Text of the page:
Descartes: Doubt and Certainty

9.1 The Pursuit of Knowledge

Given the upheaval in traditional ideas and attitudes, and established religious doctrines, skepticism began to take hold in the early modern period. Descartes seeks to combat that by establishing a solid foundation for the sciences. This means, among other things, finding an epistemological method that would secure such a foundation. More specifically, Descartes is interested in securing the truth of our propositional knowledge. Rather than take an a posteriori approach, Descartes sets out to show, a priori, that such knowledge is possible.

9.2 Plato’s Rationalism

Following Parmenides, Plato privileges rationalism over empiricism, or reason over the senses, as the way we know. Unaided by the senses, reason will come to contemplate the Forms.

9.3 Descartes’s Doubt

Descartes’s skeptical method is enlisted to achieve certainty—“certain and indubitable” knowledge. This method involves first assuming all beliefs based on sense experience are false. This leads him through the dream argument, where he concludes not only that he cannot find a way out of the dream supposition, but also that other beliefs, such as mathematical ones, may be false. The extension of the doubt to purely rational beliefs is brought on by the supposition of an evil genius. The doubt becomes hyperbolic at this point, and brings him to the cogito of Meditation II.

9.4 Descartes’s Certainty

Descartes doubts everything: external world, his own body, his own existence. Then he wonders how, under these conditions, he could doubt his existence. Indeed, he can doubt there is a world, and that he has a body, but can he doubt his existence entirely? Perhaps not, and if that’s the case, then he has convinced himself of something. Nevertheless, what if the evil genius is deceiving him into believing he exists? “Then without doubt I exist also if he deceives me, and let him deceive me as much as he will, he can never cause me to be nothing so long as I think that I am something.”

Descartes has his one certainty: he exists as a thinking thing. This is his identity, and it is true, so far as he knows, only when he thinks, “for it might possibly be the case if I ceased entirely to think, that I should likewise cease altogether to exist.” At this point, however, he doesn’t know what that means—he doesn’t know what this thinking thing is. He has to be careful, too, since he is not sure what follows from this one truth.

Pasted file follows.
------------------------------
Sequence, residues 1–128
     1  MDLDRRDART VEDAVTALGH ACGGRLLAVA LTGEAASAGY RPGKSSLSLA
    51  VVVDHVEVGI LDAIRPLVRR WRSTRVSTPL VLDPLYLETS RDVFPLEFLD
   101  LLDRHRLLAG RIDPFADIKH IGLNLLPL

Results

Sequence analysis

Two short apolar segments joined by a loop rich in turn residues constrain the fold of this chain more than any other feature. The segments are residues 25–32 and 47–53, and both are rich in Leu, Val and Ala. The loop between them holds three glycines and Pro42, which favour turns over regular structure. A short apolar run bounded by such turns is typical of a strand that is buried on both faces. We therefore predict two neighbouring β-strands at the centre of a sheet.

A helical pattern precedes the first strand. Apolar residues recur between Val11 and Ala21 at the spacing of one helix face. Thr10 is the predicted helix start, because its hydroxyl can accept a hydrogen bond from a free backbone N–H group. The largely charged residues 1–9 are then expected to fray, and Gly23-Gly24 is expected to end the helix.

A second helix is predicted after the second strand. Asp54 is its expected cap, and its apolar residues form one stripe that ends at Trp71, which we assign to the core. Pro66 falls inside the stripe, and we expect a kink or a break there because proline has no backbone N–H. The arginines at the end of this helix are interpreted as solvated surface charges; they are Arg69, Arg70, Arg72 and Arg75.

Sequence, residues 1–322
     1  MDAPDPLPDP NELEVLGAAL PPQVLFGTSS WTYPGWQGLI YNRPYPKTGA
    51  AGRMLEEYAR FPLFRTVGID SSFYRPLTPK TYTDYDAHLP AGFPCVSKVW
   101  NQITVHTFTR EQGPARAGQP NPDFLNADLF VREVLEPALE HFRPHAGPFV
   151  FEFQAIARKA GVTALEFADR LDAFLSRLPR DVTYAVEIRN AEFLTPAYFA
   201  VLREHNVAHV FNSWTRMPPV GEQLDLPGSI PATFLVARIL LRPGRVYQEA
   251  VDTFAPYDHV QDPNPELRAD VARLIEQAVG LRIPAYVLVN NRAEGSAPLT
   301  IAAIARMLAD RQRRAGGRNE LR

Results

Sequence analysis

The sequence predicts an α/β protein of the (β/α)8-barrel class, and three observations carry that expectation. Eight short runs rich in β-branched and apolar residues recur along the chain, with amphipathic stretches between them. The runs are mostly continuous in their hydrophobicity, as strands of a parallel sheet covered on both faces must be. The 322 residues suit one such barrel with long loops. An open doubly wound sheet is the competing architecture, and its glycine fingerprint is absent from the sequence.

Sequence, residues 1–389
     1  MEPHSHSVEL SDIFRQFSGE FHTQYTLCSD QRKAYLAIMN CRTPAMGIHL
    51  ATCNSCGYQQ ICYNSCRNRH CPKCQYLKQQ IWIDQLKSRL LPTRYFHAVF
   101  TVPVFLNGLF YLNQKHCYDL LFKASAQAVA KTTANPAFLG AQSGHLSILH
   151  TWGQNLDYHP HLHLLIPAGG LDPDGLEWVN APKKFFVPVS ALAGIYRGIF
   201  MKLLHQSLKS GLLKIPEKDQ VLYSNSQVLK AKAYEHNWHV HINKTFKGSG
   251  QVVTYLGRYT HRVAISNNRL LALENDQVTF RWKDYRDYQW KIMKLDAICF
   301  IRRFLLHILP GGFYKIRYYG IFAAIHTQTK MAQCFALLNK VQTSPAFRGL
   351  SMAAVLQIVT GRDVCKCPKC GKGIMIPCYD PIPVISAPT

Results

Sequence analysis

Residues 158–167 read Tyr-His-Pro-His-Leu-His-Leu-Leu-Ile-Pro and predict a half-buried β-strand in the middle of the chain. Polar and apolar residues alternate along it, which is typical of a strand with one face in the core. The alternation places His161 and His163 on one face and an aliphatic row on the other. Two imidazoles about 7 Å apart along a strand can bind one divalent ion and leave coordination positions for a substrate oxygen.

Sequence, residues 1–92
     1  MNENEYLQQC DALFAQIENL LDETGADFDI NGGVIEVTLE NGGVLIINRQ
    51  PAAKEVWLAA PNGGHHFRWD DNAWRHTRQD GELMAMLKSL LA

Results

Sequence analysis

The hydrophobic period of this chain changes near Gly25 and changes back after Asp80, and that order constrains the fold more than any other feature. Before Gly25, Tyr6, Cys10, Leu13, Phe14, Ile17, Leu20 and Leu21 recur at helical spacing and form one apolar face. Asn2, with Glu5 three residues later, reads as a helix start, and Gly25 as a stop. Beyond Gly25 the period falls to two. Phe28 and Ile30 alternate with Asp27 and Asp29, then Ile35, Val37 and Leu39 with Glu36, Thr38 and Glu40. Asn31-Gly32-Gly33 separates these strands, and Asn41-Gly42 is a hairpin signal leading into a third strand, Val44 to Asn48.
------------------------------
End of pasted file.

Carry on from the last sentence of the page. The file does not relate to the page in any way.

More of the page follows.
As he further examines what it is to be “a thing which thinks,” he finds it involves “doubting, understanding, affirming, denying, willing, refusing, imagining, and feeling.” He is inclined to believe he has a body, though not only has he no proof of this, it’s also odd that this inclination persists despite how dubious it is to consider. All he knows that is real is himself as a thinker—immaterial substance.

Though this is all Descartes is certain of, his “mind loves to wander,” which means that it loves to believe in corporeal objects. So, he decides to consider material objects to see what he learns. Here we arrive at the wax argument.

When considering a piece of wax through various changes, he wants to know what it is in the wax that compels him to assert it is the same despite various changes sensed and (mentally) pictured. He realizes (1) it’s not any sensory quality, since all those change. Moreover, (2) it’s not that he maintains an image of it through all its changes—he couldn’t possible “compass the infinitude” of physical alterations. He concludes that (3) it is “an intuition of the mind” that tells him the wax is the same, even though the language used suggests the senses. This intuition is a judgment drawn from the act of seeing, just as he judges that the men below his window are not mere automatons. Specifically, his judgment determines the wax is the same. Sense perception, imagination, and judgment, then, are different modes of thinking.

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